Carl Erickson, Atomic Object
Andy Lester gave a great talk last night. This is clearly a hot-button topic as there was lots of discussion and questions afterwards. Some things I thought were valuable from his talk:
The importantance of adapting practices to fit the circumstances. Andy’s team uses lightweight, homegrown tools for estimation and tracking that would be familiar to any XP team. But unlike the planning game in XP, they do more work up front and they don’t have the customer steering the project from iteration to iteration. It works for Follett.
Fred Brooks is not god. Well, actually he might be, but the jury is still out. Transparency and honesty are essential to successful projects. Andy’s techniques (decompose, estimate, plan a week’s work, plot burndown over time) give a realistic view into project status. The point of the exchange on the divinity of Fred Brooks was if you provide the management a view into the true state of the project they may actually be able to add developers to the team early enough achieve a positive outcome for projects that are behind schedule.
“Iterative releases don’t work!” (long quiet pause in the room, kind of like the old Sprint pin drop commercials) This statement of Andy’s turns out to not be blasphemy but rather semantics. They can’t release to the end customer until the application is complete. But they do internal iterative releases for all the same reasons we do.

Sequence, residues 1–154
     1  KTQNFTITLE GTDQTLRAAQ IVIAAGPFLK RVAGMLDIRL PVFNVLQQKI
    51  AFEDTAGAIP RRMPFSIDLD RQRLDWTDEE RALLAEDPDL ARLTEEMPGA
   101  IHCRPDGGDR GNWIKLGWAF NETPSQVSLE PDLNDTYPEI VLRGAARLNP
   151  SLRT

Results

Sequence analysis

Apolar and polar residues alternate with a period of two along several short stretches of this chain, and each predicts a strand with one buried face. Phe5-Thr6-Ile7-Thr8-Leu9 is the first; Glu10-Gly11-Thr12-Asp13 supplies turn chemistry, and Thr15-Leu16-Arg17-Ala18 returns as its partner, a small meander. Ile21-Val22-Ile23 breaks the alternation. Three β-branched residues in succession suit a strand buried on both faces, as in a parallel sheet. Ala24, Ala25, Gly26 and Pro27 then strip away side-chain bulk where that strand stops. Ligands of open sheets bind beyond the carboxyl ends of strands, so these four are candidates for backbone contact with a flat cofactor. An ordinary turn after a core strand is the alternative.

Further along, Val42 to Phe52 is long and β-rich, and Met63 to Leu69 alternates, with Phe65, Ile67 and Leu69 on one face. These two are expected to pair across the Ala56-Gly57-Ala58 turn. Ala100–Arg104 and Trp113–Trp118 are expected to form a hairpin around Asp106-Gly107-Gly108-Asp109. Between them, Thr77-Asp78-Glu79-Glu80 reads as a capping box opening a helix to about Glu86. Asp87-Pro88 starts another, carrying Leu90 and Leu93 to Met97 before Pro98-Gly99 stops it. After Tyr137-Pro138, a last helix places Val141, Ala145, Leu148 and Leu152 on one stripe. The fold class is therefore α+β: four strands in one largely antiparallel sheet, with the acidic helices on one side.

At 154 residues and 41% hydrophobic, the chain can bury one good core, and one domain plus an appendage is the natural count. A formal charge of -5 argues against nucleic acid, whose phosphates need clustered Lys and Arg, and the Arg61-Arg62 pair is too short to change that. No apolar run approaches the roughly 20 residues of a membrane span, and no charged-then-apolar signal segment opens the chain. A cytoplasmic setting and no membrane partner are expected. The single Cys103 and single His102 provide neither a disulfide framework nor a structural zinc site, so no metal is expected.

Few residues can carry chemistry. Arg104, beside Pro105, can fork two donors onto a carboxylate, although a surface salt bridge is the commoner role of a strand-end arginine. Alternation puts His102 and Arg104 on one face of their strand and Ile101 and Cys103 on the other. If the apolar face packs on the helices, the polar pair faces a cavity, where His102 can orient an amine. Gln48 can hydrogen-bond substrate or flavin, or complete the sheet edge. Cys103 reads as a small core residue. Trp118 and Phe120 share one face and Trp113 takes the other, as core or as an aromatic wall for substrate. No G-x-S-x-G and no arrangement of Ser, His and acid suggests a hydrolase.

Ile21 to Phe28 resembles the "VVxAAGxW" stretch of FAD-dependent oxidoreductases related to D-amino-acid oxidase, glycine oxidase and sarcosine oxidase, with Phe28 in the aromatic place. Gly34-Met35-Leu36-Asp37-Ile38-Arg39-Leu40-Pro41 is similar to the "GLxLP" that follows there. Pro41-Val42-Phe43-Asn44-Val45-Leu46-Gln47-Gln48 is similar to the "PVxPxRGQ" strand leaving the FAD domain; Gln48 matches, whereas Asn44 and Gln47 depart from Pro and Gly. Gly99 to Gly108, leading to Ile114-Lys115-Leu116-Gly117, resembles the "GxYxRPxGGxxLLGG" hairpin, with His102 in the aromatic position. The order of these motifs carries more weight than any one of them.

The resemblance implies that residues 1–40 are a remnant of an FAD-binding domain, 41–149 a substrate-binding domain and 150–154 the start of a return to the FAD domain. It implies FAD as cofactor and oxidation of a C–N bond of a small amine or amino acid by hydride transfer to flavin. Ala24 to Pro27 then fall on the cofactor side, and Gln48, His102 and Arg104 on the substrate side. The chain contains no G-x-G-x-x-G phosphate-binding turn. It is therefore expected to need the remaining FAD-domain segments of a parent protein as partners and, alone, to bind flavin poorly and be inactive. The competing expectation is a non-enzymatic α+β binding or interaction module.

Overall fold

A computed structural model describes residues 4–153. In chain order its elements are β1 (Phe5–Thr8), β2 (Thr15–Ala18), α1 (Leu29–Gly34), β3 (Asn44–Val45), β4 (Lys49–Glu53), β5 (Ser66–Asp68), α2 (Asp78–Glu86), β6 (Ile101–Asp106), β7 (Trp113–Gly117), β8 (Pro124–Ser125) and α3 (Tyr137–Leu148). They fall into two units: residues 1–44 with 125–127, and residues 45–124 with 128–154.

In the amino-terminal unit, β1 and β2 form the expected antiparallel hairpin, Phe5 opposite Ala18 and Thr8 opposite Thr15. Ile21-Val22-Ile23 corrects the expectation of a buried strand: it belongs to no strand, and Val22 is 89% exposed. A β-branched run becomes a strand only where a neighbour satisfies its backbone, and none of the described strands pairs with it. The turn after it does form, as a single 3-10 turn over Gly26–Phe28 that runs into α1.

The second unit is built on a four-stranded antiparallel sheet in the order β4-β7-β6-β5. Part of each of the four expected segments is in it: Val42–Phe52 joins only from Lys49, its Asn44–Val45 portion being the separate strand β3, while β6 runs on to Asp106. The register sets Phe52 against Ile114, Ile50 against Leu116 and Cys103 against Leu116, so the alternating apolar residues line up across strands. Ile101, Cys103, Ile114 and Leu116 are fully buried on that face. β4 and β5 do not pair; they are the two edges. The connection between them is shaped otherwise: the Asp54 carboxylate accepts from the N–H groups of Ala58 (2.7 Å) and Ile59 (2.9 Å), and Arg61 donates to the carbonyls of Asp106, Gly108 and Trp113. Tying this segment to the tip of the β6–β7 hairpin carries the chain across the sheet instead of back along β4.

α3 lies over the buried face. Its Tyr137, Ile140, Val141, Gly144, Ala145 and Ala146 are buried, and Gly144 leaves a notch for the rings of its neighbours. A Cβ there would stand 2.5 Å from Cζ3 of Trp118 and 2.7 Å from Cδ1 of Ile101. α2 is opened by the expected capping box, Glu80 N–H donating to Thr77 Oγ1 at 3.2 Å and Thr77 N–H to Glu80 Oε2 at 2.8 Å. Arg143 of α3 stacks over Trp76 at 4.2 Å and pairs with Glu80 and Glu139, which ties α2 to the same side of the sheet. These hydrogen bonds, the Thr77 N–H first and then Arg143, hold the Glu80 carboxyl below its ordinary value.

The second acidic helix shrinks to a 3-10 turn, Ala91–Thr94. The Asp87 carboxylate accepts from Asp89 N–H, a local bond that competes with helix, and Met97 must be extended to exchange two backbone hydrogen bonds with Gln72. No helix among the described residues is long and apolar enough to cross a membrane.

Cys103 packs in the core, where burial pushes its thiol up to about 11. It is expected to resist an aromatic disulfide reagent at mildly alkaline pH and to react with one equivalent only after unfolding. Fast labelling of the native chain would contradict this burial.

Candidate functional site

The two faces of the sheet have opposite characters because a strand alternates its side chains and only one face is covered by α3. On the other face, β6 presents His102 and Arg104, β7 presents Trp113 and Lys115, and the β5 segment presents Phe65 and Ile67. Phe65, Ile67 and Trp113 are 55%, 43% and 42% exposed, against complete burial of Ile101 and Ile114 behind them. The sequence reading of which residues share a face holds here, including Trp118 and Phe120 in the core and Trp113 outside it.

Technical debt flattens the velocity curve of projects towards the end of the project. This is why all tasks/stories should be in one of two states: completely done or not started. A bunch of 90% done stories represent technical debt building up. Toward the end of the project this debt comes due, with interest, and project velocity goes to zero as the team spends all their time fixing things they already took credit for in earlier iterations.
Accurate estimates aren’t free. Developers need to help customers understand that accurately estimating a problem is difficult and takes time. At Atomic Object we find that accurately estimating a project requires decomposition and design, and sometimes experiments. All of this takes time; in effect you start solving the problem to estimate it.
Estimation isn’t magic, but it is. Or at least that’s how I started thinking about it. Yes, it’s hard to do accurately (Andy’s got a favorite impression of developers who refuse to estimat the size of a task…) But doing something (even a SWAG) buys you an awful lot. And the process really isn’t magic. Break the big rocks into little rocks and keep breaking until you’ve uncovered as many rocks as possible and each rock is big enough to get your brain around and estimate. A simple process, really, but one that can be the foundation for what we refer to as data-driven project management.